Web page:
By DOUG WILSON
Herald-Whig Senior Writer
Retailers who hoped an antitrust lawsuit against credit card companies and big banks would give them some relief from hidden fees say they're in worse shape now than before a federal court ruled in their favor.
Visa, MasterCard and some of the cards issued by major banks charge 1.5 percent to 4 percent when plastic is used to pay. Their long-time rules held that retailers could not charge customers to recover those fees.
A court settlement last July gave the retailers the right to collect fees starting in late January, but the retailers must tell shoppers they are being charged, and risk taking the blame for higher costs.
"No one is doing it," said Bill Fleischli, executive vice president of the Illinois Petroleum Marketers Association and the Illinois Association of Convenience Stores.
"If you tell someone you're going to charge them 4 percent more if they use their card, it will drive customers to your competitors."
The plaintiffs in the lawsuit ranged from Leon's Transmission, a California auto repair company with seven locations, to Payless ShoeSource, which has thousands of shoe stores across the country. They charged that Visa, MasterCard and the banks conspired to fix the fees on credit card transactions. Other big merchants including grocer Kroger, and drugstore chain Walgreen, also had filed suits.
The surcharges can't be slipped in without telling customers. The agreement requires retailers to notify customers both before and after a purchase. That means visible signs at a store entrance and its cash registers. And the sales receipt has to list the surcharge separately. Websites must notify customers that they're about to pay more for something they buy online.
"For most businesses the court settlement was not acceptable because it doesn't do anything about credit card rates," Fleischli said.
The whole point of the lawsuit was that credit card and banking giants worked together to set rates that were higher than dictated by economic conditions. Retailers who accept fees also can no longer sue the card issuing companies.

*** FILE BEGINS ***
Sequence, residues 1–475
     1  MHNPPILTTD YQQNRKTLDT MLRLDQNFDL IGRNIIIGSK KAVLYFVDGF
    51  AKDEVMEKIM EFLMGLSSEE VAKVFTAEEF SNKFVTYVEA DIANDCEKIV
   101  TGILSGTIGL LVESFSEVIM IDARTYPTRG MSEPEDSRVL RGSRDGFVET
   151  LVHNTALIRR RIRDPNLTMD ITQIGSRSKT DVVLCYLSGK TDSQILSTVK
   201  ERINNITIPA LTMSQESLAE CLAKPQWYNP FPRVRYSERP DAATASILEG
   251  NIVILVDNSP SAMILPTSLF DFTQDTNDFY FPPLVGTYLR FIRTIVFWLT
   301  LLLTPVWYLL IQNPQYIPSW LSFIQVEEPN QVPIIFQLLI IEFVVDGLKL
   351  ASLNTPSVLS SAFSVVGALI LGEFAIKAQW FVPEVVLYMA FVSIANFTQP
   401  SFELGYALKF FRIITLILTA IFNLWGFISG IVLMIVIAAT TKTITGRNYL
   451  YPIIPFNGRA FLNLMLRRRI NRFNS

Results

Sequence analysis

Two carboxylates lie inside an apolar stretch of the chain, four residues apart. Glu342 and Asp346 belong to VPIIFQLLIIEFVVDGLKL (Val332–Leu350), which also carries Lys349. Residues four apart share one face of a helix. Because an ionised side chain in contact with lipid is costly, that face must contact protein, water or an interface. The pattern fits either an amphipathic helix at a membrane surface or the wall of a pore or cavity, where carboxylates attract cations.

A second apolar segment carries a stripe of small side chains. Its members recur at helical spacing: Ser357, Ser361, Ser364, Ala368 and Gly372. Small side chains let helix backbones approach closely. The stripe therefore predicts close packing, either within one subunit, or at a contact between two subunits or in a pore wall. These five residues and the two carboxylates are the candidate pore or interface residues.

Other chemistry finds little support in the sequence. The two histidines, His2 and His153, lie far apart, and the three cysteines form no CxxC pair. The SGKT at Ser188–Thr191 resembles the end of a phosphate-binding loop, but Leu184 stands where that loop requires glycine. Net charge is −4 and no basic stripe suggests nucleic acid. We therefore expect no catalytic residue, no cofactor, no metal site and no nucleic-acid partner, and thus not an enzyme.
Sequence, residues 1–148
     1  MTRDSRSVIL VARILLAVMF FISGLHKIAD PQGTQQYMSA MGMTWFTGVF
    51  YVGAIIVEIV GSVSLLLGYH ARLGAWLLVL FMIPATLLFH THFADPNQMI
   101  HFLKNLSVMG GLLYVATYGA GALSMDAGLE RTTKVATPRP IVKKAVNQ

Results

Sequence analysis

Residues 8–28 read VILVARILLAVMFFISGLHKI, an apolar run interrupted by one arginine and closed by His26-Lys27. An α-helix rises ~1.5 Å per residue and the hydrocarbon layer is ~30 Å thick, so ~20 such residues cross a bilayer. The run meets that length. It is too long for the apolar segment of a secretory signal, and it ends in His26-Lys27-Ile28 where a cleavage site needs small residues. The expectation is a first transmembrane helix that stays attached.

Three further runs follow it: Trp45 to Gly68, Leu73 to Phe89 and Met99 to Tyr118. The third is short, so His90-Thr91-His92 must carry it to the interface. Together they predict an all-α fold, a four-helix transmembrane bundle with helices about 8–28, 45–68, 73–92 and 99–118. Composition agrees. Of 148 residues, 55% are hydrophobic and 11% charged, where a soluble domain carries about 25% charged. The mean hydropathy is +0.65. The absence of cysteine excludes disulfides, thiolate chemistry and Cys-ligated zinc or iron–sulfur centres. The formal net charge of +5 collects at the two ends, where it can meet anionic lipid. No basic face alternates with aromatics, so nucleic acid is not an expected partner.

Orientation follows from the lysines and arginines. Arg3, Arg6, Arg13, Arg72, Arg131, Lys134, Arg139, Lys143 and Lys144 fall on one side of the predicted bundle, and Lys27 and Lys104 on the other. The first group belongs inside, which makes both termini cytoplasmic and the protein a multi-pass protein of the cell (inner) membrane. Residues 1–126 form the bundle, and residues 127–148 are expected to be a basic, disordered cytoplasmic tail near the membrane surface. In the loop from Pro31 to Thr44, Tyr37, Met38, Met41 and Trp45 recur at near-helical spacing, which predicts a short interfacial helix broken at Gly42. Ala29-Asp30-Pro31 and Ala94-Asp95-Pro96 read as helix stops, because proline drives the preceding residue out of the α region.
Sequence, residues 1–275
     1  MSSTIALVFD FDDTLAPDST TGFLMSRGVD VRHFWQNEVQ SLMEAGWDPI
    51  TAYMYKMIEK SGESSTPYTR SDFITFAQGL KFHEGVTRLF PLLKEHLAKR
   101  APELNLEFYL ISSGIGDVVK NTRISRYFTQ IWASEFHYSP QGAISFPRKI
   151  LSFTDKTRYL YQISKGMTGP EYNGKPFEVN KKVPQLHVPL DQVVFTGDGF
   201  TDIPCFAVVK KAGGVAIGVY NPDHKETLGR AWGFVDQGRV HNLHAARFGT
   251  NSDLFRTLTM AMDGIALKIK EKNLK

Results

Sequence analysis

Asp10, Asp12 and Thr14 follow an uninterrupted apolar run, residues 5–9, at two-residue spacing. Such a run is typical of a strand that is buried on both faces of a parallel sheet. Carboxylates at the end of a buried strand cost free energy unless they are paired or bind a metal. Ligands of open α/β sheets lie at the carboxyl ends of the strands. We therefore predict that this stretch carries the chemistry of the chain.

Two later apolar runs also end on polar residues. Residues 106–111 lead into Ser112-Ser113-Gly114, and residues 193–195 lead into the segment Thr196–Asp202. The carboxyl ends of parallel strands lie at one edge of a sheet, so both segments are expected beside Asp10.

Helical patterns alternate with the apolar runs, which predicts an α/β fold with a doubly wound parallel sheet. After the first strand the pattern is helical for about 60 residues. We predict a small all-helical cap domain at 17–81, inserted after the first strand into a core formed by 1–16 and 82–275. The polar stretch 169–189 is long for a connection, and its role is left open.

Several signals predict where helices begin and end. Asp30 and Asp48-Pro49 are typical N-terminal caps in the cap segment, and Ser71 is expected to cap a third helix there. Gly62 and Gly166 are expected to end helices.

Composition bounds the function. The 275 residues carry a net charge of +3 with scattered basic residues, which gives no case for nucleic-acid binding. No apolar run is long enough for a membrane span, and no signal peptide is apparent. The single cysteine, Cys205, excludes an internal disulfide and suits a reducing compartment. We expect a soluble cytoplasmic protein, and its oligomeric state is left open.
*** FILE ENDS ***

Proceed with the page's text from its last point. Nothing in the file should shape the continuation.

The number of retailers who pass along the transaction fee is likely to be relatively small. Big retailers like Wal-Mart and Target have already said they won't do it. And under the agreement, a multistate retailer with stores in any of the 10 states where the surcharge is illegal can't impose it in states where it is.
The surcharges are illegal in New York, California, Colorado, Connecticut, Florida, Kansas, Maine, Massachusetts, Oklahoma and Texas. Legislatures in another 13 states -- including Illinois and Missouri -- are considering bills to prevent "check out fees."
The lawsuit's intent was to lower the transaction fees that merchants pay, says Mallory Duncan, a senior vice president at the National Retail Federation, a trade group that opposed the settlement.
In many cases, shoppers are already paying for the transaction fees -- they're tucked in the overhead that retailers have to pay, along with rent, salaries, cost of merchandise, etc. So retailers can nudge their overall prices higher rather than overtly passing along transaction fees.
Another reason many shops will avoid passing on the fees -- they don't want to give customers a reason to check out their rivals.
"You don't want to give somebody else a competitive advantage," says Michael Sansolo, a retailing consultant in Washington, D.C. He predicts most retailers will do nothing
Asking customers to use cash is another possibility. Gianfrancesco says she deducts 2.5 percent if a customer decides not to use plastic.
But that won't work in a bakery where people on the go want to buy a muffin and coffee with a swipe. Gretel-Ann Fischer who owns such a bakery in Vermont told the Associated Press that she won't accept credit cards for purchases under $5.
She imposed the minimum because of a 17-cent per transaction fee that's in addition to the 2.5 percent that Visa and MasterCard charge for the entire purchase. Seventeen cents on a $2 cup of coffee was too much for the bakery to absorb.
Credit card transaction fees cost the bakery $10,000 a year, a big bite for a company with annual revenue of about $400,000. But Fischer and her husband, Brian, say passing the fees along just isn't an option.
"I think you'd alienate a bunch of customers," Brian Fischer said.
They've found a downside to their cash-only decision too. Many of their longtime customers don't carry cash.
The Associated Press provided information for this story.